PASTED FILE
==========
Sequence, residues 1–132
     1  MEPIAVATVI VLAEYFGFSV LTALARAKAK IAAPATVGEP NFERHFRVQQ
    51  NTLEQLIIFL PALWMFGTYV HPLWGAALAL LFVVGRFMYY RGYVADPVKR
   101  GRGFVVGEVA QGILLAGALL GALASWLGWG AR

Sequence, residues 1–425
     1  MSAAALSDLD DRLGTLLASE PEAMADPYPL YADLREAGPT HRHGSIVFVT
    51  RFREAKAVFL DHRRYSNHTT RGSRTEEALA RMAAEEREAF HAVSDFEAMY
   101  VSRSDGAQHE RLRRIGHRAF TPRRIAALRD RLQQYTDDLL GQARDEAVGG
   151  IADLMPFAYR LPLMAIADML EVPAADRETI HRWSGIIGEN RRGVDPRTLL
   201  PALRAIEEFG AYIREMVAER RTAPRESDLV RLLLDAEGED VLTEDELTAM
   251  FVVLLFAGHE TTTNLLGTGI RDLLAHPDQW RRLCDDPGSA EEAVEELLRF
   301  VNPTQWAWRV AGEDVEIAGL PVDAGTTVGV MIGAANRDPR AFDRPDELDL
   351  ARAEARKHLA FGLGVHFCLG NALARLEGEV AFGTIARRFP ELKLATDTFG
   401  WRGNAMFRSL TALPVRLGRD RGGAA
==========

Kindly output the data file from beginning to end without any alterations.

Sequence, residues 1–132
     1  MEPIAVATVI VLAEYFGFSV LTALARAKAK IAAPATVGEP NFERHFRVQQ
    51  NTLEQLIIFL PALWMFGTYV HPLWGAALAL LFVVGRFMYY RGYVADPVKR
   101  GRGFVVGEVA QGILLAGALL GALASWLGWG AR

Sequence, residues 1–425
     1  MSAAALSDLD DRLGTLLASE PEAMADPYPL YADLREAGPT HRHGSIVFVT
    51  RFREAKAVFL DHRRYSNHTT RGSRTEEALA RMAAEEREAF HAVSDFEAMY
   101  VSRSDGAQHE RLRRIGHRAF TPRRIAALRD RLQQYTDDLL GQARDEAVGG
   151  IADLMPFAYR LPLMAIADML EVPAADRETI HRWSGIIGEN RRGVDPRTLL
   201  PALRAIEEFG AYIREMVAER RTAPRESDLV RLLLDAEGED VLTEDELTAM
   251  FVVLLFAGHE TTTNLLGTGI RDLLAHPDQW RRLCDDPGSA EEAVEELLRF
   301  VNPTQWAWRV AGEDVEIAGL PVDAGTTVGV MIGAANRDPR AFDRPDELDL
   351  ARAEARKHLA FGLGVHFCLG NALARLEGEV AFGTIARRFP ELKLATDTFG
   401  WRGNAMFRSL TALPVRLGRD RGGAA